The season for parties is currently in full swing. For the party guest, the event is a chance to kickback and have a good time. But for the host, throwing a party can be a stressful endeavor. A host must worry about the decorations, the food, the entertainment, and whether their guests are getting along, having a good time, and behaving themselves. Take one worry off the host’s list by being a winning and polite guest. Not only will you help your friend’s event be a success, you’ll find more invitations to parties in your mailbox.
1. Always, always, RSVP. “RSVP” stands for “Répondez s’il vous plait,” French for “please respond.” When you receive an invitation that asks you to RSVP, the host or hostess is kindly requesting that you let them know whether or not you will be attending their function. Today the RVSP has come to be seen as optional. Some men believe you only need to call if you are coming; some think you only need to call if you are not coming; and some do not think you have to call either way. Sometimes RSVPing is avoided because you do not want to face the awkwardness of telling someone you are not coming and making up an excuse about why.
However, not RSVPing is rather rude. The reason you must RSVP is that the host or hostess needs to know how to plan his or her party. They must pick the proper venue to accommodate a certain number of guests, the proper amount of party supplies, and perhaps most importantly, the right amount of food to serve the guests. By not RSVPing you keep your host completely in the dark as they attempt to prepare for their function. The host is forced to guess and may then buy too much or too little food, causing them to overspend or experience embarrassment, respectively.
On that note, do not RSVP and then pull a no show. Again, the host will have allotted for too much food and party favors, and these things will go to waste.
If you cannot attend an event, simply express to the host your appreciation for the invitation and then apologize and say that you unfortunately have other plans. This excuse is always true-whatever you will be doing instead of the party are your alternative “plans.” If you like the host, make plans to get together another time. If you do not like the host (and this may be why you are not attending the party in the first place), simply leave it at that.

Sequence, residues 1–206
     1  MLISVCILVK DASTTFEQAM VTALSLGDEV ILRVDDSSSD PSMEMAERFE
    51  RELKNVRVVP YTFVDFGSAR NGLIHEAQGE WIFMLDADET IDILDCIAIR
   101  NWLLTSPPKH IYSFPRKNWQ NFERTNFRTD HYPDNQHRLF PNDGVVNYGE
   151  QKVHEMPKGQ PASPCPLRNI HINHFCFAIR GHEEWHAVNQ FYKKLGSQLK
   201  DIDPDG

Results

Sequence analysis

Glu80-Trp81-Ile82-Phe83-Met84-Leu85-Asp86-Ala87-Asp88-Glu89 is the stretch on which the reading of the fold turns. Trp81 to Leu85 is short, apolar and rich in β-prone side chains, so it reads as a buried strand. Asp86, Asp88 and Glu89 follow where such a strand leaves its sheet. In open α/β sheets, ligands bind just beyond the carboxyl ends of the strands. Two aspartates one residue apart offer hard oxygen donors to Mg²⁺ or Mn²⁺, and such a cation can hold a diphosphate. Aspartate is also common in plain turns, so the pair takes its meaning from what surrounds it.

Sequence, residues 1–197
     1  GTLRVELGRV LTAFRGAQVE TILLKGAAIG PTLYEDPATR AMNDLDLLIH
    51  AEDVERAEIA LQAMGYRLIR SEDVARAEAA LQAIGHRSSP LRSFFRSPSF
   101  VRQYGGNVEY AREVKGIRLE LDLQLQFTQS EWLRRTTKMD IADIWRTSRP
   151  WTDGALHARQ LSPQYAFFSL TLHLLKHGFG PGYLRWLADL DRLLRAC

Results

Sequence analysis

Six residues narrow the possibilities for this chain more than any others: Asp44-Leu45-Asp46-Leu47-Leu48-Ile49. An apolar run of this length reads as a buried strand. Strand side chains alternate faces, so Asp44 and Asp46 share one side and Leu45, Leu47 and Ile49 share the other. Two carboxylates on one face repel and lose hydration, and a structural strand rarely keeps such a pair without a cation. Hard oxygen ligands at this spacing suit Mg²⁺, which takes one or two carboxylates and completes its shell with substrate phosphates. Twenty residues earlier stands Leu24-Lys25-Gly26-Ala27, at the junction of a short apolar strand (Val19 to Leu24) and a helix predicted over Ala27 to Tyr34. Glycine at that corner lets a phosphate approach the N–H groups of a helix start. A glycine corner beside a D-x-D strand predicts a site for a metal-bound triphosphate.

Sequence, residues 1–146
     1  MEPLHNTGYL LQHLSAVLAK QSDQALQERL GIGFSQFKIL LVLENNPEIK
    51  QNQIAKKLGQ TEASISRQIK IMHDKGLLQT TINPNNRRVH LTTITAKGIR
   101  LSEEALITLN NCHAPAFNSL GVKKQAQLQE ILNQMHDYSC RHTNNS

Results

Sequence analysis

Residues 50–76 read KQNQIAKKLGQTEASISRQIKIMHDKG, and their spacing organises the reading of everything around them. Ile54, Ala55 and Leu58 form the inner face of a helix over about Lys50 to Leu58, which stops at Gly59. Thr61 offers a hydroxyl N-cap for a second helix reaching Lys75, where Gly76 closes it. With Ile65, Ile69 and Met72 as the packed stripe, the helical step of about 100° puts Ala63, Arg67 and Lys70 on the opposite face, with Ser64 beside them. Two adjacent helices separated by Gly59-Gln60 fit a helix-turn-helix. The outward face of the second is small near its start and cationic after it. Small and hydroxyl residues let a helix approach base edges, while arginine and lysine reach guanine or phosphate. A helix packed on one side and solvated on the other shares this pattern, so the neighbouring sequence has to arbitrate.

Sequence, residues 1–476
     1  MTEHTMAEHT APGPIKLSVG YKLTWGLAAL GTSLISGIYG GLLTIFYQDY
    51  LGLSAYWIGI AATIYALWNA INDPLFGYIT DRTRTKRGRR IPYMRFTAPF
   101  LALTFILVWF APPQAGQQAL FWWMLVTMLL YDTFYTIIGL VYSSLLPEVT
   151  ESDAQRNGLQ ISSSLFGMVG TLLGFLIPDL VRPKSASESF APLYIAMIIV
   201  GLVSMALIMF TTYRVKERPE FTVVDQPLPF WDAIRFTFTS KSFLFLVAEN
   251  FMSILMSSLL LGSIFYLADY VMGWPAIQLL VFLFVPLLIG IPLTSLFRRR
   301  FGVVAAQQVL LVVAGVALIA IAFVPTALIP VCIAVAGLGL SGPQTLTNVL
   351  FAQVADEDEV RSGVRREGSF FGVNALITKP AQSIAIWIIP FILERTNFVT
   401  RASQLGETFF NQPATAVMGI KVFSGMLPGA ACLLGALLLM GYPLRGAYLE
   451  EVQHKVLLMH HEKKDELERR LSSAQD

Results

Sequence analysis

2. If you are attending a dinner party, offer to bring something. Cooking up a tasty meal for several guests is no easy task. Take some of the burden off the host by offering to bring the salad or dessert.
3. Always arrive on time. Part of the pressure of throwing a party is timing your food to come out exactly when the guests arrive. If you’re 20 minutes late, you will significantly add to the cook’s stress by having them worry not only about the taste, but whether the food is getting cold. If the food is not ready by the time you arrive, you simply have more time to mingle.
If the party is a large, come and go as you please type of shin-dig, being “fashionably late” is acceptable.
4. Bring the phone number with you on the way over. If you get lost or have an emergency, you will need to call the host to keep them abreast. Don’t keep the party waiting without any word from you.
5. Bring a gift for the host. A bottle of wine or a bouquet of flowers are excellent choices. This is particularly appropriate for dinner parties.
6. Come prepared for conversation. Don’t be a party dud. On the way over, think of a few things you can talk about-movies you’ve seen, funny stories from work, and interesting news about yourself and your mutual friends. Think about the host and the other guests; what are they interested in and what kinds of questions can you ask them? Remember, you should almost always avoid controversial subjects such as politics and religion.
7. Eat and drink responsibly. Don’t come to the party famished, ready to devour anything and everything in sight. At a party in which hors d’oeuvres are being passed around, don’t put a ton on your plate. You’ll look like a hog. And no double dipping! Finally, don’t become inebriated.
8. Compliment the host. Tell the host what great food or what a great party it is at the midpoint of the night and then again when you are saying your goodbyes.
9. Help wash the dishes or clean up. Not all etiquette guides would approve of this, but we have made it a personal rule concerning dinner parties with close friends. If someone is kind enough to slave away in the kitchen making us a meal, we don’t think they should have to wash the dishes too. We always step in and do them. Your host may initially protest, but they will be inwardly grateful.
10. Don’t overstay your welcome. The appropriate time to leave is something you just have to feel in your bones. Things will be winding down, and conversation will hit a lag. At this point say, “Well, we’ve had a wonderful time tonight. I think we should get going. Thank you very much for having us.”
11. Write a thank you note.  Within a few days of the party, always send a note of thanks to the host or hostess.
Got any other tips? Drop a line in the comment box.